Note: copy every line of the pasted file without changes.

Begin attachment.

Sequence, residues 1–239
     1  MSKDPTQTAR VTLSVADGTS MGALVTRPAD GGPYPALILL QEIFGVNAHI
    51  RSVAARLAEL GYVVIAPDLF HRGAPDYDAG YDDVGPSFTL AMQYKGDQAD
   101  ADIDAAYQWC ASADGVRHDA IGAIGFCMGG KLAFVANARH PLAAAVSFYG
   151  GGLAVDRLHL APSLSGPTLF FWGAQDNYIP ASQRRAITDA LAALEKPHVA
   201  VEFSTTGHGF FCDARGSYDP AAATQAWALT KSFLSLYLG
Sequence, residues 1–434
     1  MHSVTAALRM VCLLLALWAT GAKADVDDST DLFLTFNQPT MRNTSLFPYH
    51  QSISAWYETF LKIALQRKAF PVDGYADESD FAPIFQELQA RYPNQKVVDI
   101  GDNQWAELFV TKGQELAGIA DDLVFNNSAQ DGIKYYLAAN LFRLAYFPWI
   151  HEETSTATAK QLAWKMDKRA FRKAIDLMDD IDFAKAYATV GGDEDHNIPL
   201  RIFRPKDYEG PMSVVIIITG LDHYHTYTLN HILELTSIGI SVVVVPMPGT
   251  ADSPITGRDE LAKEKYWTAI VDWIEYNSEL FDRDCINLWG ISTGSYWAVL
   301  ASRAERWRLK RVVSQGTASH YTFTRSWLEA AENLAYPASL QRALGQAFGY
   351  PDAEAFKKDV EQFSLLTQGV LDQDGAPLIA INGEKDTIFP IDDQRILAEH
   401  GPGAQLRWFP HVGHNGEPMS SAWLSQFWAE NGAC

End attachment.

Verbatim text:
Sequence, residues 1–239
     1  MSKDPTQTAR VTLSVADGTS MGALVTRPAD GGPYPALILL QEIFGVNAHI
    51  RSVAARLAEL GYVVIAPDLF HRGAPDYDAG YDDVGPSFTL AMQYKGDQAD
   101  ADIDAAYQWC ASADGVRHDA IGAIGFCMGG KLAFVANARH PLAAAVSFYG
   151  GGLAVDRLHL APSLSGPTLF FWGAQDNYIP ASQRRAITDA LAALEKPHVA
   201  VEFSTTGHGF FCDARGSYDP AAATQAWALT KSFLSLYLG
Sequence, residues 1–434
     1  MHSVTAALRM VCLLLALWAT GAKADVDDST DLFLTFNQPT MRNTSLFPYH
    51  QSISAWYETF LKIALQRKAF PVDGYADESD FAPIFQELQA RYPNQKVVDI
   101  GDNQWAELFV TKGQELAGIA DDLVFNNSAQ DGIKYYLAAN LFRLAYFPWI
   151  HEETSTATAK QLAWKMDKRA FRKAIDLMDD IDFAKAYATV GGDEDHNIPL
   201  RIFRPKDYEG PMSVVIIITG LDHYHTYTLN HILELTSIGI SVVVVPMPGT
   251  ADSPITGRDE LAKEKYWTAI VDWIEYNSEL FDRDCINLWG ISTGSYWAVL
   301  ASRAERWRLK RVVSQGTASH YTFTRSWLEA AENLAYPASL QRALGQAFGY
   351  PDAEAFKKDV EQFSLLTQGV LDQDGAPLIA INGEKDTIFP IDDQRILAEH
   401  GPGAQLRWFP HVGHNGEPMS SAWLSQFWAE NGAC